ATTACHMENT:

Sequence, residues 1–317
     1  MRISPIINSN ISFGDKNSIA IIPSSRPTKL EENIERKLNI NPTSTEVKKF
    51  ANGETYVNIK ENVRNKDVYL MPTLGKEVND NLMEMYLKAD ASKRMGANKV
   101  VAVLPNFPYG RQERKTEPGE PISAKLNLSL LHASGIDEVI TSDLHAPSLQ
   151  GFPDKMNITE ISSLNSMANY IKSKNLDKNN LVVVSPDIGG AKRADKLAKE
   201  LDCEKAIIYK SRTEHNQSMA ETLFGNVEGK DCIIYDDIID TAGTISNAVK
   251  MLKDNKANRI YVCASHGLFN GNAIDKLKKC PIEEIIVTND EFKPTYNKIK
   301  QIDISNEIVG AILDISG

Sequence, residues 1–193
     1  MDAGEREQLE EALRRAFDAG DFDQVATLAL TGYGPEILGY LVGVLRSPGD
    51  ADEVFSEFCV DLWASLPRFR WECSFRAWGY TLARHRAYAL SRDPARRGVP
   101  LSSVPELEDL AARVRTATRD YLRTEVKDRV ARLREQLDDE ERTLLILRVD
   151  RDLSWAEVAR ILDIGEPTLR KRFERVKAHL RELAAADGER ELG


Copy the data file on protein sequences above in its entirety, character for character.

Sequence, residues 1–317
     1  MRISPIINSN ISFGDKNSIA IIPSSRPTKL EENIERKLNI NPTSTEVKKF
    51  ANGETYVNIK ENVRNKDVYL MPTLGKEVND NLMEMYLKAD ASKRMGANKV
   101  VAVLPNFPYG RQERKTEPGE PISAKLNLSL LHASGIDEVI TSDLHAPSLQ
   151  GFPDKMNITE ISSLNSMANY IKSKNLDKNN LVVVSPDIGG AKRADKLAKE
   201  LDCEKAIIYK SRTEHNQSMA ETLFGNVEGK DCIIYDDIID TAGTISNAVK
   251  MLKDNKANRI YVCASHGLFN GNAIDKLKKC PIEEIIVTND EFKPTYNKIK
   301  QIDISNEIVG AILDISG

Sequence, residues 1–193
     1  MDAGEREQLE EALRRAFDAG DFDQVATLAL TGYGPEILGY LVGVLRSPGD
    51  ADEVFSEFCV DLWASLPRFR WECSFRAWGY TLARHRAYAL SRDPARRGVP
   101  LSSVPELEDL AARVRTATRD YLRTEVKDRV ARLREQLDDE ERTLLILRVD
   151  RDLSWAEVAR ILDIGEPTLR KRFERVKAHL RELAAADGER ELG